Form W-9 is used when a business needs to have your name, address and taxpayer identification number so the business can issue a tax document to you and to the IRS. Form W-9 is frequently utilized in a business context, when one business needs to pay another business or a person for worked performed as an independent contractor. Form W-9 is also used by financial institutions to obtain information from their customers which will be used to prepare various types of Form 1099 to report interest, dividends and other types of income.
Independent contractors and other people who work for themselves will often need to give a Form W-9 to their clients. Clients will then use the information on Form W-9 to prepare Form 1099-MISC to report income paid to the independent contractor.
As far as tax forms go, Form W-9 is pretty straightforward. You provide your name, address and Social Security Number. For contractors who have a separate business entity, they provide the name, address and Employer Identification Number of their business.
The W-9 form also asks whether you are subject to backup withholding. This is withholding at a flat rate of 28% on payments made to you or your business under certain circumstances. There are two common reasons for backup withholding: your name and SSN as provided on Form W-9 don't match the IRS' records, or you have outstanding tax debts and the IRS has notified you that you are subject to mandatory backup withholding until the taxes are paid in full.
Contractors might receive requests to fill out W-9 forms at the end or at the beginning of the year as clients get ready to mail out their 1099-MISC forms to report self-employment income. Brokers and financial institutions might also ask for a W-9 form if you'll be earning interest income, dividends, or trading stocks and other securities.
Update: Answers to Some Commonly Asked Questions about Form W-9
From the comments below, here are answers to some of the most frequently asked questions.
How often do I send out or update a Form W-9?
People should send out a new Form W-9 whenever the information on Form W-9 changes. Send out a new W-9 if your name, business name, address, Social Security Number or Employer Identification Number has changed.
How often should I request W-9s from my subcontractors?
Generally I advise my clients to request a W-9 at the time you contract with an independent contractor to provide services. At the very least, obtain a signed W-9 prior to paying out more than $600 during the course of the calendar year. You can request an updated W-9 at any time, but there's no set requirement to do so.
I received a W-9 from an unlikely source. What should I do?
Some people have received a request for Form W-9 from landlords and other people or businesses. Form W-9 is used to officially ask a person or business to provide their name, address, and taxpayer identification number so that the requesting party can properly issue tax documents to the IRS. In general, the types of businesses that request Form W-9 is any business that pays you interest, dividends, non-employee compensation, and certain other types of reportable income. If you receive a W-9 from an unlikely source, ask why they need the W-9 form and how it will be used.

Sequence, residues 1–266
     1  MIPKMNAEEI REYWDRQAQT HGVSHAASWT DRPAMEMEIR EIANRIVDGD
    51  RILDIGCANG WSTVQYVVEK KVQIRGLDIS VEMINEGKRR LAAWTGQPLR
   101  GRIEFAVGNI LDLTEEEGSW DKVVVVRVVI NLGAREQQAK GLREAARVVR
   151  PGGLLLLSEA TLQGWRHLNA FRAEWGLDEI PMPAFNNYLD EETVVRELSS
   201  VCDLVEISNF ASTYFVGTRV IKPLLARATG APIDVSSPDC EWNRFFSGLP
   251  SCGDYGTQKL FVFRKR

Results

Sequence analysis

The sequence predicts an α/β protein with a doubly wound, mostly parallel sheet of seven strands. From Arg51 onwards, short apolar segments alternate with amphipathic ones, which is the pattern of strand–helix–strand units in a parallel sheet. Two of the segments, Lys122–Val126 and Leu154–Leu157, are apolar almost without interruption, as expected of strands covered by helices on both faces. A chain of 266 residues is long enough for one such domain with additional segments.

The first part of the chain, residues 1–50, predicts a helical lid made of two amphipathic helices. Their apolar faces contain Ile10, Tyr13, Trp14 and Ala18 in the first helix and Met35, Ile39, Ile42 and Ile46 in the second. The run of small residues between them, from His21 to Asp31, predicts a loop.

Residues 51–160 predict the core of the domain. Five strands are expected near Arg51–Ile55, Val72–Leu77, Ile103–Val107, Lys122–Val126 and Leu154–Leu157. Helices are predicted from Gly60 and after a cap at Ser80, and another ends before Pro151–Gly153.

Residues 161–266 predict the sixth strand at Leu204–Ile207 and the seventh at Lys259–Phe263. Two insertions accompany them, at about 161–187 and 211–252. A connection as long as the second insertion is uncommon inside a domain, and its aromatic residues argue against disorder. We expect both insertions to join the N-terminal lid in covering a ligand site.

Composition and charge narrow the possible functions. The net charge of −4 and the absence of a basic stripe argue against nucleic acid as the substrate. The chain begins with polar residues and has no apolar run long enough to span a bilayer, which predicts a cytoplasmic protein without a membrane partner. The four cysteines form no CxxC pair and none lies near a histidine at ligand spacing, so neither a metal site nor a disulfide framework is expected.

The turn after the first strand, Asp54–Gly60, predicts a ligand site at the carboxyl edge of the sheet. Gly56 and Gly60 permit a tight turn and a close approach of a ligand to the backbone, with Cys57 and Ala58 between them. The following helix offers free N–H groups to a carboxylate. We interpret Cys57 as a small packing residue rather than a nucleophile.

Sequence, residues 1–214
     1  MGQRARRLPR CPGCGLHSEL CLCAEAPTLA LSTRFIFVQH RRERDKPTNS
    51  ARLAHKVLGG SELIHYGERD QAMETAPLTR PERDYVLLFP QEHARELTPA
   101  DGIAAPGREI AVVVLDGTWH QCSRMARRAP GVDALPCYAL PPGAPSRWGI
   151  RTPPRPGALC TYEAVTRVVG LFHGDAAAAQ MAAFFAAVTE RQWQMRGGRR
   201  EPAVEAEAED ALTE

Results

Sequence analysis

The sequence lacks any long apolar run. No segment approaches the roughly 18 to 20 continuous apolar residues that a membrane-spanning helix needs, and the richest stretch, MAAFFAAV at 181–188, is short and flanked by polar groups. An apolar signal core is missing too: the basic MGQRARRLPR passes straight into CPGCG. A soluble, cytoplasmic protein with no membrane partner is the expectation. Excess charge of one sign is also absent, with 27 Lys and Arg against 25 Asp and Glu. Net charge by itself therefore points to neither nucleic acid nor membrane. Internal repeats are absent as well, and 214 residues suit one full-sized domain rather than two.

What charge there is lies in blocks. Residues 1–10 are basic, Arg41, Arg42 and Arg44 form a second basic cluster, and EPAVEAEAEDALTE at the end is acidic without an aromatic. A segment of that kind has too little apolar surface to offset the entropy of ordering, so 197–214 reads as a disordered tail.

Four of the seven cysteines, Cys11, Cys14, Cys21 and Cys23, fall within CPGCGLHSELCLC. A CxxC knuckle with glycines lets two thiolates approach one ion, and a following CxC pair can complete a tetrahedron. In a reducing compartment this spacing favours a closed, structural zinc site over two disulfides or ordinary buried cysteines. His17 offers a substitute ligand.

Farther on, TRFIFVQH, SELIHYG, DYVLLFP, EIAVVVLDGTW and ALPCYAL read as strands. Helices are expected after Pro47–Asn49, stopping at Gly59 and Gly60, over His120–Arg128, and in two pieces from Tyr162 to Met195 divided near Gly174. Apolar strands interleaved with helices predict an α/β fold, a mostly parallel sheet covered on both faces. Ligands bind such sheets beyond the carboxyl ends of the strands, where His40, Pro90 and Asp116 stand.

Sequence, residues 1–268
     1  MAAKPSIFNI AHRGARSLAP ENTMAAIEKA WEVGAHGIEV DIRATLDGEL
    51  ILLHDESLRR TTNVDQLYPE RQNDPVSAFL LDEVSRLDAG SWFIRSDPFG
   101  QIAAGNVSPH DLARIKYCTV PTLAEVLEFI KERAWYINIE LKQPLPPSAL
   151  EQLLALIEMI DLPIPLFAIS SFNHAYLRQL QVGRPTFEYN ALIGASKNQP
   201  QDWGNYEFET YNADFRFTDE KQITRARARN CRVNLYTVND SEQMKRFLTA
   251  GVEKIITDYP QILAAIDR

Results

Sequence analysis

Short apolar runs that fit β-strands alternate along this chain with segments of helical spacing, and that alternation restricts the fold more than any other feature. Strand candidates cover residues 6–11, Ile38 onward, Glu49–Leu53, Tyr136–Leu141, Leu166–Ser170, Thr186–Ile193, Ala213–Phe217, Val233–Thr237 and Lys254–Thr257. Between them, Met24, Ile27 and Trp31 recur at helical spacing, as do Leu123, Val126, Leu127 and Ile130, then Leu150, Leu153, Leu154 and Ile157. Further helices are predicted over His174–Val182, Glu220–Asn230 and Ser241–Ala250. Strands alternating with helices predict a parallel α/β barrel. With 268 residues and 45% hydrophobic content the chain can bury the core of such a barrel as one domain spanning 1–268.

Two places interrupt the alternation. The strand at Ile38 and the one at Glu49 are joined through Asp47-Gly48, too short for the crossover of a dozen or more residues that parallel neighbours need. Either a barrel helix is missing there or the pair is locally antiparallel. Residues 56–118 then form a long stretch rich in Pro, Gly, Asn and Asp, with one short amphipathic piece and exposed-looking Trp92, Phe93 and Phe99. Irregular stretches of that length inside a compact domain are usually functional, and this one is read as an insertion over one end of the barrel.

I need to issue a 1099 to a foreign subcontractor. Do I still send out a W-9 Form?
No. Form W-9 is used to gather information only from US persons and businesses. If you have a foreign contractor working for you, that person will need to fill out one of the several Form W-8 documents. Forms in the W-8 series are designed to indicate how much, if any, of payments made to a foreign person or business should be withheld for US income taxes. For an overview of these issues, see FAQ for US Withholding Agents on the IRS Web site.
I received a W-9 from my employer, what should I do?
If you are, or were, being treated as an employee (with a regular paycheck), and your employer suddenly asks you to fill out a Form W-9, this could indicate that your employer now wants to treat you as an independent contractor. This is a rather sticky situation: on the one hand, there are sometimes legitimate reasons why you might be an independent contractor rather than an employee. On the other hand, sometimes employers start to run into financial difficulties and they can no longer afford to pay their half of the payroll taxes. If you get a W-9 from your employer, and you should first ask yourself whether you are an employee or an independent contractor. Ask your employer for clarification. And if you cannot reach consensus after talking with your employer, you can ask the IRS to get involved to make a determination of your work status. For more details see Independent Contractor or Employee? on the IRS Web site.
- What to do if you get a Form W-9 to fill out
- What is Backup Withholding and who's exempt?
- Tax tips for freelancers and independent contractors
Links to IRS Forms and Instructions:
- Form W-9 including Instructions (pdf, 4 pages)
- Instructions for the Requester of Form W-9 (pdf, 4 pages, these are the instructions for businesses that send out W-9 forms for other people to fill out)
Have a question about Form W-9? Leave a comment below.